‘’Stand at ceremony while the ship sinks/Put the iceberg in my tall drink’’ is the kind of line that distills Rolling Blackouts second album to a tee – sure, there’s a lot of bad shit happening in the world right now, but you could always be listening to Rolling Blackouts instead. Fran Kearney said he wanted to write a ‘’bedrock of hopefulness’’ on Sideways to New Italy and as such these ten tracks are a perfect dose of laid back, feel good summer rock, the kind that sometimes feels in short supply at the moment.
Don’t be fooled by the band’s chilled stoner vibes, RBCF’s distinctive radio rock come jangle pop guitar jams may go down smooth like summer wine but the Australian five piece are a deceptively talented gang led by an exceptional trio of singer-guitarists in Kearney (acoustic), Tom Russo (rythym) and Joe White (lead). With Sideways to New Italy, Rolling Blackouts continue their unmistakably upward trajectory.
Best Tracks: ‘Falling Thunder’/’The Only One’/’Cameo’
Song for Our Daughter - Laura Marling
Marling's seventh and best studio album is a gorgeously intimate ode to a fictional daughter, as the singer-songwriter gracefully pours her heart and soul into these ruminations on parenthood and the nature of love over top of an exquisitely arranged orchestra of piano, strings and acoustic guitar. Marling has quietly developed into one of the UK's most dependable songwriters, and as such Song for Our Daughter is one of the year's most underappreciated triumphs, a glorious celebration of family that is well timed and magnificently executed.
Best Tracks: 'Held Down'/'Song for Our Daughter'
The New Abnormal - The Strokes
Who would have thought The Strokes had this in them?
The infighting and band politics that originally broke up the indie rock masters still seems as prevalent as ever, and if Julian Casablancas’ controversial performance at Electric Picnic 2019 is anything to go by, the frontman is still owning his bad boy persona for better or worse. Maybe it’s all an act, or maybe this kind of tension just works for The Strokes, who against all odds have pulled off their best album since 2003's Room on Fire with The New Abnormal, a ferocious collection of experimental, new wave post-punk that more than lives up to its title as the band deliver their oddest and most acidic collection of tracks ever. It’s a wild ride that boldly embraces an electronica tinged, synth-soaked direction while making plenty of room for the kind of garage rock, lo-fi inspired riffs that scream Albert Hammond Jr. As for Casablancas, the man is still very much that same born showman, a dying breed of rockstar who delights in his weirdest (and possibly best) vocal performance ever while sounding as effortlessly cool and unfazed as he did in 2001. The Strokes are truly back, and they are stranger than ever. Best Tracks: ‘Selfless’/’Brooklyn Bridge to Chorus’/’At The Door’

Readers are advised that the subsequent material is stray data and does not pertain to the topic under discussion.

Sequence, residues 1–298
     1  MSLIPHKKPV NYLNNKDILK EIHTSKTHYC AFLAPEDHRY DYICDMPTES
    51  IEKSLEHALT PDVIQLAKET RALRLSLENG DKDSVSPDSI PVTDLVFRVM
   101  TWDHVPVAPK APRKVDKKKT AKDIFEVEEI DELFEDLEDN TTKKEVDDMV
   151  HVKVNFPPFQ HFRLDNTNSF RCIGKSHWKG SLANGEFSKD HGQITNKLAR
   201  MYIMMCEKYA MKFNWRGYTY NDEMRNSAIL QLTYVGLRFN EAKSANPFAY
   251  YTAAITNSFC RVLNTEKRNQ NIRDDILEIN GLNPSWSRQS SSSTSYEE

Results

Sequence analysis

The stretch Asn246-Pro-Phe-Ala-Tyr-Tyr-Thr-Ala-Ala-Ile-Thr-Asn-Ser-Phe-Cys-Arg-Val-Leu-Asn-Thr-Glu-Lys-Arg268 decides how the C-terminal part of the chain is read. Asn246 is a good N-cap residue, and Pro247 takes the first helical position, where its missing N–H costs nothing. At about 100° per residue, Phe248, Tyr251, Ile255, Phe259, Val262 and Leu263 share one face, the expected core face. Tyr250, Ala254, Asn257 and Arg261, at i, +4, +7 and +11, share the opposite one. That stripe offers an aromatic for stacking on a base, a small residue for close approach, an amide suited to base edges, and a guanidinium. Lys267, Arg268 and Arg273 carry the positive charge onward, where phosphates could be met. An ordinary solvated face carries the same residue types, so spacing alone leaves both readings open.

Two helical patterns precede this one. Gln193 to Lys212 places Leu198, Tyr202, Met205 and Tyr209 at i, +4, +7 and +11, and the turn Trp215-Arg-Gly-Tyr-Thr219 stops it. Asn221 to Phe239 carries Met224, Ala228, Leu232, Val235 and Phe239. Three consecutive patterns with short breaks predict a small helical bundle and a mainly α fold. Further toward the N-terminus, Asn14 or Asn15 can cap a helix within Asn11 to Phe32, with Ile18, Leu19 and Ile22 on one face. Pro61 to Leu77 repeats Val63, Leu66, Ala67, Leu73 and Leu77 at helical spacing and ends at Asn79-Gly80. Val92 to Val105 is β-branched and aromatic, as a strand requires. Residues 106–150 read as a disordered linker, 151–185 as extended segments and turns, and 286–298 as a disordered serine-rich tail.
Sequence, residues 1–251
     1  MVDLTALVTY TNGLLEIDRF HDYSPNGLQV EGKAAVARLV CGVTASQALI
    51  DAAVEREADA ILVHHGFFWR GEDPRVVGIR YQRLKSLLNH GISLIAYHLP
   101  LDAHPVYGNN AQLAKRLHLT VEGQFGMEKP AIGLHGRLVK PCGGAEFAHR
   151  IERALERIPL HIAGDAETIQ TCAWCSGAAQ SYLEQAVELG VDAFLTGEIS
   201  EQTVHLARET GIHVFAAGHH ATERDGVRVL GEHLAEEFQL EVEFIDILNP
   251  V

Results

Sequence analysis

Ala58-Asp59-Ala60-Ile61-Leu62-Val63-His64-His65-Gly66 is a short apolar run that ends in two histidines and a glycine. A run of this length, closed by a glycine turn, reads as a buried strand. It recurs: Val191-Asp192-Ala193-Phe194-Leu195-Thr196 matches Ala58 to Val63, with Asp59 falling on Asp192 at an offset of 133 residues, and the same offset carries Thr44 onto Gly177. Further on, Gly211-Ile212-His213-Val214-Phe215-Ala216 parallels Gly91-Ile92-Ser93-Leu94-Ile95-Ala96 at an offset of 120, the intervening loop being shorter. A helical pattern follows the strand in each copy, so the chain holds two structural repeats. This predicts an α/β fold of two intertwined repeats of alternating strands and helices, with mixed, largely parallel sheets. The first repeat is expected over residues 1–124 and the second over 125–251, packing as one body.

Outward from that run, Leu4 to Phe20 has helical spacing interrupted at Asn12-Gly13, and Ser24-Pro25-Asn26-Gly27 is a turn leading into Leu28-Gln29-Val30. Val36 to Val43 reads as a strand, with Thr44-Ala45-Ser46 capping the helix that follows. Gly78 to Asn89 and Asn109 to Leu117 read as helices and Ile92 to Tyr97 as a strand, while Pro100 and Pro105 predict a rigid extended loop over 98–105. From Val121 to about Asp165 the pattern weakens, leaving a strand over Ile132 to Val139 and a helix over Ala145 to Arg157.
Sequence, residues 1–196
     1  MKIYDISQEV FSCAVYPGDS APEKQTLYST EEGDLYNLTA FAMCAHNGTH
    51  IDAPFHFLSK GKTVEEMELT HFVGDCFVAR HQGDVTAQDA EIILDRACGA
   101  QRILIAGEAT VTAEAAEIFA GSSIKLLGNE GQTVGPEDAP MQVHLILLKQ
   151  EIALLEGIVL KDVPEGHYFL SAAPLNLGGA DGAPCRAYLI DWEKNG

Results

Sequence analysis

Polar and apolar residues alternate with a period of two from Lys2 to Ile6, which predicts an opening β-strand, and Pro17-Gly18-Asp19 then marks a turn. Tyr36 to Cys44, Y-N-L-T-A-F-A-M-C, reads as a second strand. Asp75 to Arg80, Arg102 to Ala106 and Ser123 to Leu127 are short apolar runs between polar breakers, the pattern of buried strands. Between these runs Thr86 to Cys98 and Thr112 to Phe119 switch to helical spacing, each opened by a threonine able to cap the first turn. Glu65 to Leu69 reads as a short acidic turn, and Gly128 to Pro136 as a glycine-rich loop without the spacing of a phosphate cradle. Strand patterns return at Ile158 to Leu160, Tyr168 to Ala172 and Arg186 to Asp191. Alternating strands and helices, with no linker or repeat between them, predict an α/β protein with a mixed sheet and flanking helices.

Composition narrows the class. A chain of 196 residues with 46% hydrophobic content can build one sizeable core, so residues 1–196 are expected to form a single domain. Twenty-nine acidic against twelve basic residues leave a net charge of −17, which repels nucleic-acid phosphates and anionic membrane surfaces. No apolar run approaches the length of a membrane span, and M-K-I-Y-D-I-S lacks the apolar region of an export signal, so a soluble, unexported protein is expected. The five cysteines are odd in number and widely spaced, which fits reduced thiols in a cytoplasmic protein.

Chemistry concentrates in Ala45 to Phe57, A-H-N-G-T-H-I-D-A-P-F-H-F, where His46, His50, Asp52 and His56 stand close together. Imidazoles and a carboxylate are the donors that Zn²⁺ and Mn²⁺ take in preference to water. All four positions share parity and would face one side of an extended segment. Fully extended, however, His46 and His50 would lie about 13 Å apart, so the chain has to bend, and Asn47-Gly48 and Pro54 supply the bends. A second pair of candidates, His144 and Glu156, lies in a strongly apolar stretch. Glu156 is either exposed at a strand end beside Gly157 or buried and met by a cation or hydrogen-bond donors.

The Slow Rush - Tame Impala
The cult audience amassed by Tame Impala over the past decade is the rarest of things in modern rock, yet The Slow Rush finds Kevin Parker ready to evolve as he adapts the band’s sound for a mainstream audience. The result is a psychedelic pop dreamscape, lushly tinged with disco and funk elements.
While perhaps lacking the arresting nature of Lonerism and Currents, Parker's typically glorious production ensures fans old and new will be deeply satisfied by The Slow Rush.
Best Tracks: 'Borderline'/'Lost in Yesterday'
Women in Music, Pt.III - Haim
Read the original review here.
Alana, Este and Danielle Haim have always been a sensational trio of musicians, but on their third and best studio album, the sisters evolve their sound and songwriting while navigating a potential minefield of genres to wondrous effect.
It's a testament to Haim that they have pulled of a record of such ambition and abandon while packaging and delivering it with the kind of effortlessly accessible and undeniably addictive pop aesthetic the trio are renowned for. Put simply, Women in Music is a fantastic collection of tunes - but more than that it's a genre hopping, ingeniously executed leap into the unknown and easily the greatest moment of its creators' young careers.
Best Tracks: 'Los Angeles'/'The Steps'/'Don't Wanna'/'Summer Girl'
That's it, folks! Thank you for reading, if you enjoyed this list please don't forget to subscribe and share.
I'll be back with plenty more reviews throughout the rest of the year and a full review of the year in December with best of lists for songs and albums. I can't wait to hear them all.